NRS pain scores after treatment with MB oral rinse at 3 different dilutions. Bar graph shows the mean (X inside the bar) and median (white bar inside the box) change in pain score after treatment with MB oral rinse at 0.025%, 0.05%, and 0.1% dilution. The graph shows no statistical difference among the groups according to the Wilcoxon rank sum test (P=.66).

Abbreviations: MB, methylene blue; NRS, numeric rating scale.

Citation: Journal of the National Comprehensive Cancer Network 19, 5; 10.6004/jnccn.2020.7651

The maximum pain relief was reported within minutes of the first dose in most patients (n=124; 58.5%); the remaining patients required several doses—up to 9 doses (48–72 hours)—to achieve sufficient pain relief (Table 3). Although more than half of the patients in whom pain scores were reported achieved sustained pain relief after the first dose (n=131; 55.5%), others reported pain recurrence between 4 and 8 hours (n=58; 24.6%). However, the subsequent intensity was reported at lower scores than at baseline, which suggested an accumulative analgesic effect up to complete control within 3 days. In the remaining cases, recurrence was not clearly documented.

Table 3.

Peak Pain Reduction Per Time and Dose Received of MB Oral Rinse (N=212)

Table 3.

Many patients had documented multisite pain beyond OM; therefore, conclusions regarding the effect of MB oral rinse on MEDD could not be drawn.

Oral functioning (ability to talk, chew, and swallow) before and after MB was inconsistently documented, and 5 patients had already had a gastric tube placed before using the MB oral rinse.

Association Between Demographic Characteristics and MB Efficacy

Reduction in NRS pain scores during a specified time frame was documented in 212 patients, who were divided into interval groups according to reduction in pain scores: >5, 2 to 5, and <2 (Table 3). Most patients whose pain scores were reported achieved pain reduction of ≥5 on the NRS (n=138; 65.0%), and only 11 patients (5.2%) reported pain reduction of <2. The difference in pain score change among age groups was not statistically significant (P=.48). Similarly, the difference in pain score change between sexes was insignificant (P=.1853). Patients with esophageal lesions reported lower pain score changes compared with others (P<.05).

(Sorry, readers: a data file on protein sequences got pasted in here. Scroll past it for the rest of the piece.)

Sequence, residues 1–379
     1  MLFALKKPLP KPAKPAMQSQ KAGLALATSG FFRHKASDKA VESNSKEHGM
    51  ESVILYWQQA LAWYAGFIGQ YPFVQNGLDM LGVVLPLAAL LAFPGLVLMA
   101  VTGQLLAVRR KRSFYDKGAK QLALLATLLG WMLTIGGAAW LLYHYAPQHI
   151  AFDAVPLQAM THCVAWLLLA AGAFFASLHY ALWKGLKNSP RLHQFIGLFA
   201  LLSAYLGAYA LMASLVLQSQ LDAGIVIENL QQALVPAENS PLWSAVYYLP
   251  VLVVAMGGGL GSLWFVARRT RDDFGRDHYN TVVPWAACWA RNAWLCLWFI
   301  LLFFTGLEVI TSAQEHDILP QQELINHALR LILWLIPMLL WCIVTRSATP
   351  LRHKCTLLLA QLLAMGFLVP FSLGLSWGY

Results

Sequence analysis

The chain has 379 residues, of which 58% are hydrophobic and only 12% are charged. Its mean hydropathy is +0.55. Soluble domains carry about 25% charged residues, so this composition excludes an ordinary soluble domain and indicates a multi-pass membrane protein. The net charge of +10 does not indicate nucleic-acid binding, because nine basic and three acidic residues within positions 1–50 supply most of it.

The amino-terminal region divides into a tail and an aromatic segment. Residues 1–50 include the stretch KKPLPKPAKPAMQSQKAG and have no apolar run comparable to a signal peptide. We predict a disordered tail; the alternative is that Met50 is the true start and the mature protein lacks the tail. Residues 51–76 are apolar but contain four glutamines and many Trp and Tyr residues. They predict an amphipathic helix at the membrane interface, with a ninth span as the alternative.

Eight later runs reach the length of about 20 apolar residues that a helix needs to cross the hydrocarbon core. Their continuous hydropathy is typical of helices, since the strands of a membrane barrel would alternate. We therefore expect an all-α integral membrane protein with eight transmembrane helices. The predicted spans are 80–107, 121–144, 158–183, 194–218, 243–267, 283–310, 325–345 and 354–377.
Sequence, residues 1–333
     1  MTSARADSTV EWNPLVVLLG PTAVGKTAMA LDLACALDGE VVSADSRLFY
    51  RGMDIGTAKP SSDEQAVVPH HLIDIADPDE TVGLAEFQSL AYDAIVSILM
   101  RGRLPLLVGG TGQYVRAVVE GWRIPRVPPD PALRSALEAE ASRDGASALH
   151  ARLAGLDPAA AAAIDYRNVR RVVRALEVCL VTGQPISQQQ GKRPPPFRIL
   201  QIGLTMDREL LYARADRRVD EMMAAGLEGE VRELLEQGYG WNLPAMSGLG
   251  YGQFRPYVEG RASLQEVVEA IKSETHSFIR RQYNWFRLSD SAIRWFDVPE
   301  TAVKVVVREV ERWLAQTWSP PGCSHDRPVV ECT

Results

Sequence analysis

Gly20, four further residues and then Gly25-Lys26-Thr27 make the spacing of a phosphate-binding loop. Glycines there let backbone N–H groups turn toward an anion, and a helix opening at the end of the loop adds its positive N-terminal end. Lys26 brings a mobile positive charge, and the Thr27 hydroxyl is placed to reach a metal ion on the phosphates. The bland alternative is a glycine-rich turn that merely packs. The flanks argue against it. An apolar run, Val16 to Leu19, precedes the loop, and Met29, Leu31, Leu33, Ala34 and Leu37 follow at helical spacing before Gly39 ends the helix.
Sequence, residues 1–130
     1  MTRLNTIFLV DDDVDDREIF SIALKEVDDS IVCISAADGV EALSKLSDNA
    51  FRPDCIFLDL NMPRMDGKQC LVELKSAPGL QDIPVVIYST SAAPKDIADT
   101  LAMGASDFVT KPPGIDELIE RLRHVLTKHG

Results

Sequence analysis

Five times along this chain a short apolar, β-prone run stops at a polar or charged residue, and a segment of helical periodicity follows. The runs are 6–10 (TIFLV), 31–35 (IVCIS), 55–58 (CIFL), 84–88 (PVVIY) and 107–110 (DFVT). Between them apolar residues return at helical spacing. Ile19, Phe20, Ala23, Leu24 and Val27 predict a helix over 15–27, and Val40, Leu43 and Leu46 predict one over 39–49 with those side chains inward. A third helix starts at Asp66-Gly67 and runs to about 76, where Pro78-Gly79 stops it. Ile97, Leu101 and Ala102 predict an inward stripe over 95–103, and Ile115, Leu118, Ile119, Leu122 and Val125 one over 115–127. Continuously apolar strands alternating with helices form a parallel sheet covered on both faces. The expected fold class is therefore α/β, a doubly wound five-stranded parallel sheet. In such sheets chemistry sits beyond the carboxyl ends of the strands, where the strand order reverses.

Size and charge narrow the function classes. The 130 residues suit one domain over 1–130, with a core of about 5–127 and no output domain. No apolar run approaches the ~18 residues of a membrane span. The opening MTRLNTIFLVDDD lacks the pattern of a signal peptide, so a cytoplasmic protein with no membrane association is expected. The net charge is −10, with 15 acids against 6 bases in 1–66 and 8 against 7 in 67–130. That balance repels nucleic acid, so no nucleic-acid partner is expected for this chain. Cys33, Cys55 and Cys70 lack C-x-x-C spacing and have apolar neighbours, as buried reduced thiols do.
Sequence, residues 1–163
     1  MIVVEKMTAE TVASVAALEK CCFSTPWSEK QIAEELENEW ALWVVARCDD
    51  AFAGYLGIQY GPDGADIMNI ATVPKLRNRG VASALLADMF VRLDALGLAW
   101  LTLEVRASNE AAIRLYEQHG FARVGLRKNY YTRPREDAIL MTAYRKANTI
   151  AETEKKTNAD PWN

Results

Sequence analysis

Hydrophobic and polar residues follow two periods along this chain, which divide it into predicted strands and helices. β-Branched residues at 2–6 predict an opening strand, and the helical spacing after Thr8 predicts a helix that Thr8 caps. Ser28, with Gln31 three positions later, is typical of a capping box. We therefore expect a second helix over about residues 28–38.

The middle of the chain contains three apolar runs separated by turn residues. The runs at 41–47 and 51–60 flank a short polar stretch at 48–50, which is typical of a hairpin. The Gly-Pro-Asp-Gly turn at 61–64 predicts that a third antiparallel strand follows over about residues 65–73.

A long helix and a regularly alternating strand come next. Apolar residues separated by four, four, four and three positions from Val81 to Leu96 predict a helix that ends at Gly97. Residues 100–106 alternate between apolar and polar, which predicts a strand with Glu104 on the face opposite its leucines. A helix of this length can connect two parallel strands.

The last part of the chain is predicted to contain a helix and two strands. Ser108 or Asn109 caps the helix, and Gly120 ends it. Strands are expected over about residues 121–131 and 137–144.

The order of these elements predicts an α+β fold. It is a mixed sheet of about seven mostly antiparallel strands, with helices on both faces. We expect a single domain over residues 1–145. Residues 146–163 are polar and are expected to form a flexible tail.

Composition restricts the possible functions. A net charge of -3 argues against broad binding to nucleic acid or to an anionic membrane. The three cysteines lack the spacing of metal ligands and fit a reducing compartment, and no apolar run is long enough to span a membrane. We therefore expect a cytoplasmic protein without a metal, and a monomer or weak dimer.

Adverse Effects

Few mild and transient adverse effects were reported (n=13; 4.6%; Table 2). A total of 10 patients experienced an oral burning sensation during first-time use, with 1 subsequently discontinuing therapy. Two patients reported transient blue discoloration of the teeth and mouth, which resolved with oral hygiene. One patient experienced increased pain during MB oral rinse use, resulting in discontinuation of therapy.

Discussion

In 2017, we conducted a pilot clinical test of MB oral rinse (0.05%) in 5 patients with severe oral pain from mucositis related to cancer therapy.20 Based on promising results, a phase II prospective trial of MB oral rinse was designed and implemented. It included 4 treatment arms: 3 using MB oral rinse at 0.025%, 0.05%, and 0.1%, respectively, and 1 using conventional therapy alone (ClinicalTrials.gov identifier: NCT03469284). Although data were being collected, preliminary results of safety and efficiency became visible to providers from different departments within our institution who adopted our protocol for clinical use (including MB doses and frequency of use). Because of the increasing number of documented prescriptions of MB oral rinse, we were able to collect sufficient data for the current study. Our results support the use of MB oral rinse as an easy-to-use, safe, and efficient therapy for intractable pain associated with OM in patients with cancer.

When administered orally, MB is absorbed through the gastrointestinal tract, with peak plasma concentration occurring in 1 to 2 hours.21 However, this concentration is 100-fold less than concentrations achieved after intravenous administration of an equivalent dose.22 This significant difference is attributable to first-pass metabolism in the liver after oral administration.23 Therefore, the pharmacokinetics of MB suggest that if diluted to 0.025% to 0.1%, and if strictly used as an oral rinse, the plasma concentration of MB absorbed is potentially negligible and therefore exempt from pharmacologic interactions or toxicity. In this study, no toxicities or medication interactions were reported, suggesting that MB is safe when used as an oral rinse. If accidentally ingested, MB is metabolized to leukomethylene blue and excreted primarily in urine, turning the urine a blue-green color.24 The terminal half-life is estimated to be 5.25 hours.25 This is our rationale for prescribing its use only every 6 hours, to avoid any remote chance of systemic accumulation.